Over the last several months, I’ve dealt with a lot of death.
My youngest brother died in April. My father-in-law died in October. The day after Thanksgiving, a close friend who was more like my sister died in an automobile accident.
I’d like to share with you what I’ve realized from all this : Get your house in order.
I’m not suggesting that you live in fear of death, but I am asking you to do what my 54-year-old friend, Juanita Ann Waller, did for the people who loved her. She left her personal affairs and her apartment in an awesomely organized manner.
I’ve stressed over the years how important it is to have an estate plan. But Juanita’s death has touched me like few others. She was always thinking of her family and friends, and what she left behind is a testimony to her thoughtfulness.
Yes, she had a will, life insurance, and the necessary paperwork to take care of her estate. But there was a higher level of organization in her affairs than I have ever seen.
Juanita had a place for everything. She cataloged what was in her file cabinet. She had a notebook that detailed what was in each cabinet drawer. As a result, when friends packed her belongings, we didn’t have to look through her private papers to label the boxes.
There wasn’t a single junk drawer in her apartment. There were no stacks of papers on her desk threatening to unleash an avalanche of craziness on the floor. Nor did she have bags of papers stuffed in her closets.
She didn’t even have a trash can because there wasn’t much waste to throw away. Her closets weren’t overstuffed. Her pantry and refrigerator weren’t overstocked with food. There wasn’t a single item in any room that we could tell went unused for very long.
My friend could have been the spokeswoman for the simplicity movement, which strives to get people to reduce their consumption and material possessions. Her place was so tidy and uncluttered that I wept. It made me ashamed of my personal living space, my cluttered office, and my hoarding of things that long ago should have been tossed or donated.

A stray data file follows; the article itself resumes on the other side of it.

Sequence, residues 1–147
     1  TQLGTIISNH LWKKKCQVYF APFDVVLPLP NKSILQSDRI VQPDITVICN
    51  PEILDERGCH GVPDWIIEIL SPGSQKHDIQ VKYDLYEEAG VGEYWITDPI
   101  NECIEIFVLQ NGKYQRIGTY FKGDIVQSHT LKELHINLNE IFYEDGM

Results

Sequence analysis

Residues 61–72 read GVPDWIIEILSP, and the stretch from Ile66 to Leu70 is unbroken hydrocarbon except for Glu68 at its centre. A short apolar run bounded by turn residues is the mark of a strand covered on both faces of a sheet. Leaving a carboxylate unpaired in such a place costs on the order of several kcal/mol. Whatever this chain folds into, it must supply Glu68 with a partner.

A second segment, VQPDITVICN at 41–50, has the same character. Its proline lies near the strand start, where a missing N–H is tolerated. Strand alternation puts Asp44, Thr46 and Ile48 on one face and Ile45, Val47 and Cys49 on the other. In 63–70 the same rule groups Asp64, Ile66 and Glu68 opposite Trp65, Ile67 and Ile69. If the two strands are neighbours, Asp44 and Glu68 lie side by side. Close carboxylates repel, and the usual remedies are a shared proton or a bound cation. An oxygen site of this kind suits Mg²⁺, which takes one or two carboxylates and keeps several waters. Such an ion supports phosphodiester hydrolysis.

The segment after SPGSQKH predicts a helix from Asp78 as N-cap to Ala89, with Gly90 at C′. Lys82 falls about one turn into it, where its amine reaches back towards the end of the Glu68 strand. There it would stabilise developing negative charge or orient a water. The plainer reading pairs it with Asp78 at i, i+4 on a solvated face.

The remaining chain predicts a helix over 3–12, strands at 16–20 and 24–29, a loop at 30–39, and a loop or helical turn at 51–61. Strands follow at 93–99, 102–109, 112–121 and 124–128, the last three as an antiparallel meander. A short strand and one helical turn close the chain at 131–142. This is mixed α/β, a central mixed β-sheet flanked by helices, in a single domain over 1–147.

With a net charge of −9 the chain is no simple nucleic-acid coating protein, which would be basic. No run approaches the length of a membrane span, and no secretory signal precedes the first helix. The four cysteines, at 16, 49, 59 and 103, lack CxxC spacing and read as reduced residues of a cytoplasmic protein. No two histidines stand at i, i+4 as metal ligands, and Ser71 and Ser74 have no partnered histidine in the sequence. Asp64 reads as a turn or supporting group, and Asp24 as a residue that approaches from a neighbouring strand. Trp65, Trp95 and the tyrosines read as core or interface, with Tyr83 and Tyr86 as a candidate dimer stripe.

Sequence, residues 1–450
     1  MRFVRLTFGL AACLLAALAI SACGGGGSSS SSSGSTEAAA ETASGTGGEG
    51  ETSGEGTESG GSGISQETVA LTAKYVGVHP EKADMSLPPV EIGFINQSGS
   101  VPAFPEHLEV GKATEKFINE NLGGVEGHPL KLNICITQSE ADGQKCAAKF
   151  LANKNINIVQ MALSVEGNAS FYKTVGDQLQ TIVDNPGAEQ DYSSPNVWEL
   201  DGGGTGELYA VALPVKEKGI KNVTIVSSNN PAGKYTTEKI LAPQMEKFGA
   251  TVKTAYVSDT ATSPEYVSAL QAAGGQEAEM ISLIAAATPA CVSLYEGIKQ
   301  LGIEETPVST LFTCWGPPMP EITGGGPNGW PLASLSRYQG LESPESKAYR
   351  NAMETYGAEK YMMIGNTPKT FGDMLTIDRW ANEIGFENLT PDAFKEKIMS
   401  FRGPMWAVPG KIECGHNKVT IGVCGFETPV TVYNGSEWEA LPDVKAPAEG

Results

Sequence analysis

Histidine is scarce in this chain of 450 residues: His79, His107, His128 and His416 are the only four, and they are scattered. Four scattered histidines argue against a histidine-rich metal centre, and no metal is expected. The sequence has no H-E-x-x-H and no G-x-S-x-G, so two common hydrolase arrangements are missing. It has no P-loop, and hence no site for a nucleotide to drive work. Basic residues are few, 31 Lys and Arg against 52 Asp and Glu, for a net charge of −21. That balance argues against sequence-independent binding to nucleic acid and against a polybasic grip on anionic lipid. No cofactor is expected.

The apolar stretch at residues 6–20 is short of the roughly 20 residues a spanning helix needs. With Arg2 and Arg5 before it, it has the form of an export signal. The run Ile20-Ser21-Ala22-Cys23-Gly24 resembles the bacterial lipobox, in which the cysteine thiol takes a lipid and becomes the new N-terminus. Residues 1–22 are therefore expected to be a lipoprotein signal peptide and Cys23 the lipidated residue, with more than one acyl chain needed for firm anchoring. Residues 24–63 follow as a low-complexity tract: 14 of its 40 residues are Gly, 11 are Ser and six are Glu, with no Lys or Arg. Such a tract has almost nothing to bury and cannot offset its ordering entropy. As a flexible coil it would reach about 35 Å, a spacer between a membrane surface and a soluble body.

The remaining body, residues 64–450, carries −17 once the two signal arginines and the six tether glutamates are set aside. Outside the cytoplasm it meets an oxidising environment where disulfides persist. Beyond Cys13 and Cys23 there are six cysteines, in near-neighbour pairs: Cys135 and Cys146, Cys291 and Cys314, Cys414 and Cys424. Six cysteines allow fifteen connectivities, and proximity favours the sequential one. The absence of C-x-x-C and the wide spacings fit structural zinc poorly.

Over the years, I have promised myself to get organized. But whenever I clean my office, it’s cluttered again only a few weeks later.
Just think about this: If you were to die, how long would it take for people to go through your stuff? How many hours would they have to take off from work to organize your property? Could they find your will? Where would they look for instructions on your estate? Have you written down in a secure place passwords to your computer or phone so relatives can contact people if you die?
I wouldn’t characterize Juanita as obsessive with her orderliness. She never criticized us for our clutter.
No, Juanita was organized for a purpose. She never wanted to cause confusion. Clutter can contribute to a sense of unease because you can’t easily put your hands on the things you need or the things others might need on your behalf. Every year, Juanita would purge her place of unneeded items.
How many hours would they have to take off from work to organize your property?
Juanita kept notes in her day planner and in notebooks, to remind herself and others, especially me, of things we needed to take care of. This practice gave comfort to her family who could see their special events or moments documented over the years. No loose paper or sticky notes for her.
As we were boxing up Juanita’s possessions, we all felt embarrassed. We, in our abundance, saw a woman who kept only what she needed, knowing it was more than enough.
We all pledged to spend some time organizing and getting rid of stuff as a remembrance of Juanita, who gave an abundance of hugs. We promised her that we’d get our houses in order.